Friday, March 31, 2006

A Meditation on Time, Age, Bodies

I'm feeling a little reflective today. Maybe it's because tomorrow is my birthday. I'll be twelve. Yes, I was born on April Fool's Day, which has always greatly amused my moms. Moose turned 47 this past Monday, so we are both Aries. She feels a little reflective, too.

Getting older is not a bad thing. As Moose always says, the alternatives suck. It does, however, require a certain amount of pluck and sometimes a great deal of patience. We are always having to adjust--to the changes in our bodies, the losses that pile up as time marches forward, the constant changing of the world around us. We are always adding to our store of experience, and if we are lucky and open to new possibilities we are adding to the circle of those we love, even as we mourn those whose time in the bodies we know and love expires. Just this week, for example, we found out that one of our great animal friends, Maya's cat Puss, died suddenly and quite unexpectedly up in New York City, where Maya and her mom Janlori now live. That is a sad thing, and yet we look across the street to the front yard of the house that Maya and Janlori and Puss and their other cat Emma used to live in and we see that the daffodils they planted and lovingly tended for so many years are in bloom, covering the hillside with a splendid blanket of yellow, gold, and white. Every year that blanket returns, and it's a reminder that our friends are still with us, no matter where they are physically. Moose's father, a sweet man who died in 1991 at only 60, used to say whenever he left the house, even if it was just to run out to buy cigarettes, "I shall return in the spring." Moose always laughed whenever he said that, but now she understands her dad's sly joke was also a way of teaching her that love always comes back, one way or another, and that sooner or later spring always arrives, bringing with it fresh breezes and new growth.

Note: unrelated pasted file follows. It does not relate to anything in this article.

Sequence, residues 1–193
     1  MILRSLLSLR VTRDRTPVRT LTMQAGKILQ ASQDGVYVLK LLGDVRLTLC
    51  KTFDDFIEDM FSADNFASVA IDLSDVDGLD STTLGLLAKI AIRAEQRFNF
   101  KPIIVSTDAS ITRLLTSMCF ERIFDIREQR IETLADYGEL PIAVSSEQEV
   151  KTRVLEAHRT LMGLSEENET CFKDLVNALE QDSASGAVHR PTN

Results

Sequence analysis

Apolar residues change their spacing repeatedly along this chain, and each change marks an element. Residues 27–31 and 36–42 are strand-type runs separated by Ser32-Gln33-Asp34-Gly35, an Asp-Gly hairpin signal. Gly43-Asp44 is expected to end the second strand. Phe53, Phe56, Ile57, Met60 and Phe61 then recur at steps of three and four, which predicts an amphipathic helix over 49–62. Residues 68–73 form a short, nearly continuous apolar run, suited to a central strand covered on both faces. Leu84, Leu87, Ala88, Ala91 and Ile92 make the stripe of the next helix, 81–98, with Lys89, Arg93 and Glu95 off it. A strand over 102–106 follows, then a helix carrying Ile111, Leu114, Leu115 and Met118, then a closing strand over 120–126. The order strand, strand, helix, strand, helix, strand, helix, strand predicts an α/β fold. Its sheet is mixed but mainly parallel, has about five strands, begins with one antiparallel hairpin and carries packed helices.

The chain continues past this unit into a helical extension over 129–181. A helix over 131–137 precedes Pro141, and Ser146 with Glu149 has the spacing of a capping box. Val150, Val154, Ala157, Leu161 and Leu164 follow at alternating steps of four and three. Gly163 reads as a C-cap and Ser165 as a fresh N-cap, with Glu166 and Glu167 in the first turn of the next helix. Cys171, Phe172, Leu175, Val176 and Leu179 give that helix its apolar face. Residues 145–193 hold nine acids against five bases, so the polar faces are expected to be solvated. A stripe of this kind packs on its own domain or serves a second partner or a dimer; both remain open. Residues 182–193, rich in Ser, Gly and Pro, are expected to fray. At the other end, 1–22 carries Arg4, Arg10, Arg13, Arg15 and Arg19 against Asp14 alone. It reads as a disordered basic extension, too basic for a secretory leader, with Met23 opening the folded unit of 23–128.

I tinkle on the floor a lot these days. Last night I did it at 4:33 in the morning, all because Moose couldn't find her sandals in the dark and carry me downstairs before my bladder overflowed. One minute grapes are my new favorite food, and the next minute I refuse to eat them. And the next minute I won't touch the goulash Goose makes me, even though I like the sound of the word. It feels good in the mouth--the word, not the food. Everything changes, and none of us can explain or keep up with the pace of the change. But deep inside we trust that eventually loving hands will pick us up and carry us down the stairs so that we can go outside and finish peeing, then find a sponge and wipe the tinkle up off the floor. By 4:43 the house will be clean and quiet again, and Moose will lie awake, thinking of time, age, and daffodils.

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